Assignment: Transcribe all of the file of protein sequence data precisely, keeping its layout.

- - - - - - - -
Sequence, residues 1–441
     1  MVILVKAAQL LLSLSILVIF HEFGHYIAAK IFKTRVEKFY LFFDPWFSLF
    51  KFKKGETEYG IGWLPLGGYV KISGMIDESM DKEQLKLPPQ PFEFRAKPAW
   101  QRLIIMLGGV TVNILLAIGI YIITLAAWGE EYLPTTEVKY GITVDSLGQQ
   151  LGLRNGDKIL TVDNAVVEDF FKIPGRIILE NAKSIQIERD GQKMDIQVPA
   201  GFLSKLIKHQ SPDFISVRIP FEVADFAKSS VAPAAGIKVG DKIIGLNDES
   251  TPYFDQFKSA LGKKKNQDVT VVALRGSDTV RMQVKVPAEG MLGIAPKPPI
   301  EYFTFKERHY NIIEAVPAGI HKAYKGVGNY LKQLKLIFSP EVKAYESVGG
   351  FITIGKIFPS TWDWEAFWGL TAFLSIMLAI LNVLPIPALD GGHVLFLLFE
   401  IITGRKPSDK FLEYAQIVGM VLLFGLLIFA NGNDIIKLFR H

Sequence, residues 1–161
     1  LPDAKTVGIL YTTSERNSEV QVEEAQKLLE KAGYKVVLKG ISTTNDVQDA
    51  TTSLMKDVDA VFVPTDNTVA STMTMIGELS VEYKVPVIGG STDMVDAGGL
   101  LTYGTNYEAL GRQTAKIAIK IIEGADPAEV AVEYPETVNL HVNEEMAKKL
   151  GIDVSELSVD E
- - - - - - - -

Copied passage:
Sequence, residues 1–441
     1  MVILVKAAQL LLSLSILVIF HEFGHYIAAK IFKTRVEKFY LFFDPWFSLF
    51  KFKKGETEYG IGWLPLGGYV KISGMIDESM DKEQLKLPPQ PFEFRAKPAW
   101  QRLIIMLGGV TVNILLAIGI YIITLAAWGE EYLPTTEVKY GITVDSLGQQ
   151  LGLRNGDKIL TVDNAVVEDF FKIPGRIILE NAKSIQIERD GQKMDIQVPA
   201  GFLSKLIKHQ SPDFISVRIP FEVADFAKSS VAPAAGIKVG DKIIGLNDES
   251  TPYFDQFKSA LGKKKNQDVT VVALRGSDTV RMQVKVPAEG MLGIAPKPPI
   301  EYFTFKERHY NIIEAVPAGI HKAYKGVGNY LKQLKLIFSP EVKAYESVGG
   351  FITIGKIFPS TWDWEAFWGL TAFLSIMLAI LNVLPIPALD GGHVLFLLFE
   401  IITGRKPSDK FLEYAQIVGM VLLFGLLIFA NGNDIIKLFR H

Sequence, residues 1–161
     1  LPDAKTVGIL YTTSERNSEV QVEEAQKLLE KAGYKVVLKG ISTTNDVQDA
    51  TTSLMKDVDA VFVPTDNTVA STMTMIGELS VEYKVPVIGG STDMVDAGGL
   101  LTYGTNYEAL GRQTAKIAIK IIEGADPAEV AVEYPETVNL HVNEEMAKKL
   151  GIDVSELSVD E